Patients and methods Top

This is a prospective comparative randomized study that was conducted in the Al-Fath Eye Hospital, Zagazig, Egypt. The study was approved by the Institutional Review Board and Ethical Committee and adhered to the tenets of Helsinki Declaration. A total of 63 patients attended the outpatient clinic complaining of pterygium requiring surgical intervention during the period from April 2019 to April 2020. Patients’ demographic data were recorded followed by detailed history taking and ophthalmic examination. Pterygia were graded based on translucency [8] as follows: T1 atrophic pterygium, T2 intermediate pterygium (causing partial obscuration of the episcleral vessels), and T3 fleshy pterygium (completely obscuring the episcleral vessels). Inclusion criteria were adults with progressive primary pterygia invading more than 2 mm of the cornea causing altered visual acuity and/or irritation. Exclusion criteria were recurrent pterygium, prior eye surgery, any ocular surface abnormality (e.g. dry eye, connective tissue disorders, or chronic use of topical antiglaucoma drugs), or patients refusing to participate in the study. After excluding eyes that did not meet the criteria of our study, 50 eyes in 50 patients were included. A detailed informed consent was obtained from all patients before enrollment in the study. Participants were randomly assigned to one of two groups according to the intraoperative use of MMC: group 1, in which the pterygium was excised with cauterization of CA without use of MMC, and group 2, in which pterygium was excised with cauterization of CA with intraoperative application of 0.02% MMC for 3 min.

Methods ([Figure 1])

All surgeries were performed by the same surgeon (an Ophthalmology consultant with 20 years of experience) who recorded all standard preoperative preparation and performed and recorded all operative steps (including any intraoperative complications).
Figure 1 (a) Preoperative primary pterygium, (b) cutting of pterygium head, (c) dissecting pterygium body, (d) pterygium removed, (e) measuring recipient graft area, (f) dissecting donor area, (g) graft completely dissected, (h) alignment of graft in recipient area, and (i) cauterizing graft edge.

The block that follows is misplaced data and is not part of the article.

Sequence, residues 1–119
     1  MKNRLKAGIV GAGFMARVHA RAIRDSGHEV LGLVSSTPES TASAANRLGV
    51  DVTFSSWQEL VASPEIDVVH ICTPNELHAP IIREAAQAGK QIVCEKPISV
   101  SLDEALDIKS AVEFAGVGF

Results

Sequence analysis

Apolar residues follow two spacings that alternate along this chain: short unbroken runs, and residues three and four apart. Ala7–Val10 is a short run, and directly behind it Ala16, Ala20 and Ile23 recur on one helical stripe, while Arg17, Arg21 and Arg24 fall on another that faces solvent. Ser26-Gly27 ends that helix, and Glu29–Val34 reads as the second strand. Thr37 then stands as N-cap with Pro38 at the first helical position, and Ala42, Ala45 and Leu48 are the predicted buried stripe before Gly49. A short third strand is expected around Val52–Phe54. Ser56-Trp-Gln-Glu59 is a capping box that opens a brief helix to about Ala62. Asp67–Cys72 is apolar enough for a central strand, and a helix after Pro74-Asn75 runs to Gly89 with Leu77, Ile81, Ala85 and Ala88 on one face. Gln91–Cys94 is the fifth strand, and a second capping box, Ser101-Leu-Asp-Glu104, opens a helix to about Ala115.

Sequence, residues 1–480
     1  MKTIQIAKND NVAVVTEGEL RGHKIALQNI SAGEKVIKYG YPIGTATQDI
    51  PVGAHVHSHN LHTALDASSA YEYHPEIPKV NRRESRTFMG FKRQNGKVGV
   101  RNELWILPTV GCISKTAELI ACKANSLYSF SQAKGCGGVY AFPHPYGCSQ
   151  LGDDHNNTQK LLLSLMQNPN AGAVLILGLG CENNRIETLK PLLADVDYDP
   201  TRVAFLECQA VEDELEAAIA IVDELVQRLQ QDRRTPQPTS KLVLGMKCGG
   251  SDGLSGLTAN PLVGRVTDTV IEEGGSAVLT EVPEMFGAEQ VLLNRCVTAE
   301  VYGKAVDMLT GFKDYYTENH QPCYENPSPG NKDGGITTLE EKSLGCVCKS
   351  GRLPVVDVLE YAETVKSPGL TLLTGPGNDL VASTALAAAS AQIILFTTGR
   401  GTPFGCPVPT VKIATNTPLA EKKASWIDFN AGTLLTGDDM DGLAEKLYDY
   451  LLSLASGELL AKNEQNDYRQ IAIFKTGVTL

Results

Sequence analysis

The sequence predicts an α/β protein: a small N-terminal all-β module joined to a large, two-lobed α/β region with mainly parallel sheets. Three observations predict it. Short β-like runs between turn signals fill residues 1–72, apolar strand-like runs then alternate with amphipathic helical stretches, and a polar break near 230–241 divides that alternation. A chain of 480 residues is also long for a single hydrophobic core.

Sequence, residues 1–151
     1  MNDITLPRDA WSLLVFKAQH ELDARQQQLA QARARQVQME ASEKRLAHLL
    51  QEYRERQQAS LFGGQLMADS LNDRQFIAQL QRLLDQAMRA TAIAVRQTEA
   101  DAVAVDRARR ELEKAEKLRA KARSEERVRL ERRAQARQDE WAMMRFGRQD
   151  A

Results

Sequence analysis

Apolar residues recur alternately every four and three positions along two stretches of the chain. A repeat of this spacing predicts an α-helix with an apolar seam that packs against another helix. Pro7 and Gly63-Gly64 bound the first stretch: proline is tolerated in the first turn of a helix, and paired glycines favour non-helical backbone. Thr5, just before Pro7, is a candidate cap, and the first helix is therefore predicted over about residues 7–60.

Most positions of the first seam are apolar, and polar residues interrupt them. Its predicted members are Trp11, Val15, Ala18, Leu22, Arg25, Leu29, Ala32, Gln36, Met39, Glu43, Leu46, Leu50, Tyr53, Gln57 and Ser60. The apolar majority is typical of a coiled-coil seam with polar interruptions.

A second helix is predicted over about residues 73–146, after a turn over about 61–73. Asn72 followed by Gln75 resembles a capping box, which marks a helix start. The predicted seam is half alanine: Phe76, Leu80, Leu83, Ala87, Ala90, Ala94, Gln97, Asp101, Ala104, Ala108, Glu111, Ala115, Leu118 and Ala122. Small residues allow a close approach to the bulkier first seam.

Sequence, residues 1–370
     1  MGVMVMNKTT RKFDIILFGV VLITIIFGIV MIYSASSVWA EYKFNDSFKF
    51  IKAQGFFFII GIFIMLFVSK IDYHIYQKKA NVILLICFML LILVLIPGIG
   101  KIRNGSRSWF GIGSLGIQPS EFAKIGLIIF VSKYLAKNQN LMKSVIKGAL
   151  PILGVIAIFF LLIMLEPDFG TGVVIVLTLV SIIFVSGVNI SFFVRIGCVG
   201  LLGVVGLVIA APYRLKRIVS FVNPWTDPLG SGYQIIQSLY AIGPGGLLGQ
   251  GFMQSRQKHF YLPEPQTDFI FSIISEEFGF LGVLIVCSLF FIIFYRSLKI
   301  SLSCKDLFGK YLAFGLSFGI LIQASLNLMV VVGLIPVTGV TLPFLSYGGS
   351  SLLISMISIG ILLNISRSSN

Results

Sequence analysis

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Preoperative preparation

All patients were operated under local anesthesia in the form of topical 0.4% benoxinate hydrochloride [Benox, EIPICO, 10th of Ramadan city, Egypt Alcon Couvreur, Puurs-Sint-Amands, Belgium] and subconjunctival injection of 1 ml of a mixture of 2% lidocaine (Sigma-Tec Pharmaceutical Industries Corp, 6th of October City, Egypt) and 1 : 100 000 adrenaline (Chemical Industries Development ‘CID,’ Giza, Egypt). The eyelid and periorbital skin were sterilized, and then sterile draping and a speculum were placed.

Operative procedure

The pterygium head was detached from the cornea. The body of the pterygium consisting of pathological conjunctiva and underlying fibrovascular tissue was dissected from the underlying sclera and removed with Wescott scissors. The cornea was scraped clean using a sharp blade 15. Any bleeding from the scleral bed was controlled by pressure with cotton buds. In group 2, MMC was applied to the bare scleral area by a piece of sponge soaked in MMC (0.02% concentration) for a duration of 3 min. The sclera was then washed copiously with at least 150 ml of balanced salt solution.

The area of conjunctival defect was measured by caliper. The autograft was obtained from the superior limbal conjunctiva and was measured 1 mm larger than the defect to overcome the expected retraction after cauterization. Overall, 0.5 ml of lidocaine-epinephrine mixture was injected just beneath the conjunctiva at 12 o’clock position. The autograft was freed by meticulous dissection of the conjunctiva from the Tenon capsule beneath. The conjunctival graft was positioned on the bare sclera with care taken to maintain correct limbal and epithelial orientation. Donor site was left without sutures.

Cauterization of the autograft was performed with a bipolar cautery (YZ-II; Shanmu, Dalian, China) in the graft corners. The aim was subtle whitening of the conjunctiva. The procedure was repeated on the rest of the graft edges at equidistant intervals to reach a total of seven to eight cautery points. Lastly, the speculum was removed, and graft stability while blinking was confirmed. At the end of surgery, polymyxin B sulfate-neomycin sulfate-dexamethasone (Maxitrol, Alcon-Couvreur, Belgium) eye drops were applied, and an ocular patch was placed.

Postoperative measures

The patch was removed 24 h after surgery. Polymyxin B sulfate-neomycin sulfate-dexamethasone eye drops were applied four times daily and tobramycin-dexamethasone (TobraDex, Alcon-Couvreur, Belgium) ointment twice daily during the first postoperative week. Both eye drops and ointment were gradually tapered to be stopped by 1 month. A tear substitute (Tears Naturale, Alcon-Couvreur, Belgium) was prescribed twice daily for 1 month. Oral analgesia, paracetamol 500 mg tablets, was added as needed.

Evaluation and follow-up